Adult Summer Courses
- General English and Culture Programme
- Business English
- Legal English
- General English and Oxford
- Introduction to Shakespeare
- Jane Austen: Her Novels, Life and Times
- Writers of the Great War
- Creative Writing - Fiction
- Stately Homes and Country Gardens
- Interface Between Religion, Science and Philosophy
- Introduction to Psychology
Introduction to Shakespeare
This course will start from the assumption that Shakespeare is a poet and dramatist whose work is exciting and vibrant for us today. We'll approach Shakespeare from a variety of directions: personal, literary-critical, historical, and political, engaging with great themes of Shakespeare's drama and verse through reading some of his best works.
About the Course
|Course Length||2 weeks|
28th July - 10th August 2013
All students will be staying in Corpus Christi College, University of Oxford
If you would prefer to organise your own accommodation, please contact firstname.lastname@example.org
|Prerequisites||Only suitable for native/near-native English speakers|
|Participants||Open access. Students attend from all over the world|
|Further Information||For further information on the college, the staff and the all inclusive activities and excursions click here|
The course will have at its heart the study of three plays which will be seen on trips to Stratford and The Globe in London. “Hamlet” is one of Shakespeare’s most famous tragedies whilst “A Midsummer Night’s Dream” is a hilarious romantic comedy and “The Tempest”, one of Shakespeare’s final plays,explores the world of a magician on an enchanted island.
In addition to these three plays from different periods of Shakespeare’s career we will also make connections with other plays including “Measure for Measure” which combines elements of comedy and tragedy. We will look briefly at Shakespeare’s life and the period in which he lived and wrote.
There will be plenty of opportunity for discussion and a range of print and online resources will beused in the teaching of the course.
By the end of two weeks with Shakespeare everyone will have been able to shape their own personal response to this major figure in world literature.
Introduction to the course.
Shakespeare’s life and times
Overview of Shakespeare’s poetry and drama
Preparatory work on Shakespeare’s tragedy – “Hamlet”. “Hamlet” is one of the most quoted plays in the English language and through reading, discussion and watching the play on day 2 we will explore why this play continues to fascinate audiences.
Trip to see “Hamlet” at Stratford
Using “Hamlet” as a starting point we will explore the nature of Shakespearean tragedy with reference to “King Lear” a play about fathers and daughters and what it means to be a ruler.
We will deepen our understanding of Shakespearean tragedy by looking at extracts from “Othello” and considering major themes such as love, jealousy and the nature of evil.
Conclusion of work on tragedy.
Shakespeare as a writer of sonnets. Some of Shakespeare’s sonnets are amongst the most famous poems in the English Language. We will look at two of the best loved of the 154 sonnets he wrote, “Shall I compare thee to a summer’s day” and “Let me not to the marriage of true minds”.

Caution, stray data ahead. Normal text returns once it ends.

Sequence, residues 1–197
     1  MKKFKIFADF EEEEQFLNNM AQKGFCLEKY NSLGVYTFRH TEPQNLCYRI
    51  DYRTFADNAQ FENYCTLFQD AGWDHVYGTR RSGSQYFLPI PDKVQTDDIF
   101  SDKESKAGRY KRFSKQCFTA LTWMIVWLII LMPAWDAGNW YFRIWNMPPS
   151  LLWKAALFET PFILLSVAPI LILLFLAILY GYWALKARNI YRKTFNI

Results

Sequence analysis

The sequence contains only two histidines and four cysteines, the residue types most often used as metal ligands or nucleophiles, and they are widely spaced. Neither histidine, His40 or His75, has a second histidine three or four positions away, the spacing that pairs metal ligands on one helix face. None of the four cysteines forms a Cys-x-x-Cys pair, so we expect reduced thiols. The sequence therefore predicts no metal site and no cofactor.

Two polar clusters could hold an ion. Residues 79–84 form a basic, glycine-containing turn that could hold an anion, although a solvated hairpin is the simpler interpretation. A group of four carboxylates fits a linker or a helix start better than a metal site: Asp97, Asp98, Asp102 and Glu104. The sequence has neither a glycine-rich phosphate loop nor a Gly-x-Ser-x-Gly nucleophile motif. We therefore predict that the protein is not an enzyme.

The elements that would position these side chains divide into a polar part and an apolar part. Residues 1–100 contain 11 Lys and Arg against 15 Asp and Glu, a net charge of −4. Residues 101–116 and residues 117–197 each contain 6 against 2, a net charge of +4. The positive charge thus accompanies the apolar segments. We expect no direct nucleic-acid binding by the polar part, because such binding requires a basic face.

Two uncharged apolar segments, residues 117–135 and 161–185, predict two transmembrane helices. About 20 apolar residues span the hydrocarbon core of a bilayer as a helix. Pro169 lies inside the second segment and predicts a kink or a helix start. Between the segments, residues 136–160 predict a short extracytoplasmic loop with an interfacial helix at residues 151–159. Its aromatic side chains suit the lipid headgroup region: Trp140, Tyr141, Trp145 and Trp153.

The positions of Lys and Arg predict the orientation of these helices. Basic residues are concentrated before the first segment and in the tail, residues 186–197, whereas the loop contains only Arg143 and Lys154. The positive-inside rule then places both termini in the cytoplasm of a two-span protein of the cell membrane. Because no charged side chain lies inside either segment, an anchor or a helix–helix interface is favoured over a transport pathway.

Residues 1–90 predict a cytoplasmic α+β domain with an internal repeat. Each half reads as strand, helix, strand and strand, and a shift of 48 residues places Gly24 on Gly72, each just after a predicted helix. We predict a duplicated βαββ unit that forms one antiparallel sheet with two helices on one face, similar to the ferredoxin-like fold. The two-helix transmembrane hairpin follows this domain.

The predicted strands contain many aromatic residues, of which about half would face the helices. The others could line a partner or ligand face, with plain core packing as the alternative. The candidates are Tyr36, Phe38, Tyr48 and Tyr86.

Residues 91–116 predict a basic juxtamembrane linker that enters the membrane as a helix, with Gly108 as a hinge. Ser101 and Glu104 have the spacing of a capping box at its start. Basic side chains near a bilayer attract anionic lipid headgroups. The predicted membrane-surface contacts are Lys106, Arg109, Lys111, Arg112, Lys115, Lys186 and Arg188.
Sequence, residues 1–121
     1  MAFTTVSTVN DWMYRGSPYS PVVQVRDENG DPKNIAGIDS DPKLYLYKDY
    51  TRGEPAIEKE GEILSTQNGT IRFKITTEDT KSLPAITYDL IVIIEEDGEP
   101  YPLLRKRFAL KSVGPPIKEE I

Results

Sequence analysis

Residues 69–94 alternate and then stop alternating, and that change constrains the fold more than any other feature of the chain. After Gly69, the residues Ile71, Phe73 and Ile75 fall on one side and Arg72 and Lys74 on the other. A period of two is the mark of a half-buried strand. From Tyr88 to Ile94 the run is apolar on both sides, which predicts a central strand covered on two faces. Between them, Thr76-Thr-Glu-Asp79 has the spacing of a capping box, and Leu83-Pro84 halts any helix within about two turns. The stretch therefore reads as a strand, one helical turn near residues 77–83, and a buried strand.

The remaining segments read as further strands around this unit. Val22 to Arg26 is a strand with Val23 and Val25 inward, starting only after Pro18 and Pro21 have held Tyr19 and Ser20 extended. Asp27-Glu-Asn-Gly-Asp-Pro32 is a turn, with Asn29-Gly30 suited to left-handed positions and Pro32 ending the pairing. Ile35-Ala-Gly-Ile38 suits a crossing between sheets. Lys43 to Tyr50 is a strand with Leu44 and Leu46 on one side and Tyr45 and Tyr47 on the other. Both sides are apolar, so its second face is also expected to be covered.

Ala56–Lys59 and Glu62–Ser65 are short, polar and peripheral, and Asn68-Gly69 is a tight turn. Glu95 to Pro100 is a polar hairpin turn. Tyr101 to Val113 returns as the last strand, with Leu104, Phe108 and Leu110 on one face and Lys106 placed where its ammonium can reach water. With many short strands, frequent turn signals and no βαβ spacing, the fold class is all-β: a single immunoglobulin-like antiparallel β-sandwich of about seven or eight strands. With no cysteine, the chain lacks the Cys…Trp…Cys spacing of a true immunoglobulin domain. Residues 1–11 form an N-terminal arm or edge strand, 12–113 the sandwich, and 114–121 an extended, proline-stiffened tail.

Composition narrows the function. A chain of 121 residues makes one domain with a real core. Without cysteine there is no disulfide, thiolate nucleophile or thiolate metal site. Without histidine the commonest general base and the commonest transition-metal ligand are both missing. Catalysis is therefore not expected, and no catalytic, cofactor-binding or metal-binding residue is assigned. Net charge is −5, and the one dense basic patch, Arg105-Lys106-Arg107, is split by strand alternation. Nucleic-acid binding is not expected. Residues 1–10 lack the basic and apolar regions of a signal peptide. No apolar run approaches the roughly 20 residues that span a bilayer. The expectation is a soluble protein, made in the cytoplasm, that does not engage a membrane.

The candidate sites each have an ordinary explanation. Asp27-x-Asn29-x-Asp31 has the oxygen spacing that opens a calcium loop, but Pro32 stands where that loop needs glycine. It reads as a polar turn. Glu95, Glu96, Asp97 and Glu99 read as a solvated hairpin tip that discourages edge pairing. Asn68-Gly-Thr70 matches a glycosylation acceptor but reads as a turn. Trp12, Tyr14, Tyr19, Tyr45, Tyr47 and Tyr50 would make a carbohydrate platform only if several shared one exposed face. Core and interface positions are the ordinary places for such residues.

Preparation for the trip to The Globe
An introduction to the classic, extremely popular Shakespearean comedy, “A Midsummer’s Night Dream”.
An introduction to “The Tempest”, which is full of magic and the supernatural and one of Shakespeare’s final plays.
Trip to see “Midsummer Night’s Dream” and “The Tempest” at The Globe in London
Shakespeare’s “Problem Play” – “Measure for Measure”. We will take a look at this remarkable play which combines elements of comedy and tragedy and which has points of connection with both the tragedies and the comedies we will have studied earlier in the course. The central character is faced with a painful dilemma – what is she prepared to do to save a brother’s life?
Shakespeare in performance.
In this session we will consider some of the ways different directors have chosen to interpret and present Shakespeare’ plays from traditional Elizabethan costumed productions to modern stagings that relocate the plays to a whole host of different periods and settings. We will consider the roles that actors and directors fulfil in taking plays from the page to the stage in ways that keep Shakespeare alive and relevant for audiences.
Directing a scene from Shakespeare – this is a chance to explore different ways in which a short, dramatic scene from Shakespeare could be presented. The scene will be chosen during the course to reflect the interests and size of the group.
Reflection. A chance to share what Shakespeare now means to participants in the group.
**Please note** While every effort is made to give participants an accurate description of the course content and structure, they should note that details of course content and structure may change as a result of tutor availability, interests, and expertise. In addition, participants should note that tutors will make efforts, where practicable, to address, and include material relating to, students' specific interests and requests where these are notified beforehand.
Further Information about the Summer School
Email to Friend
Fill in the form below to send this course to a friend: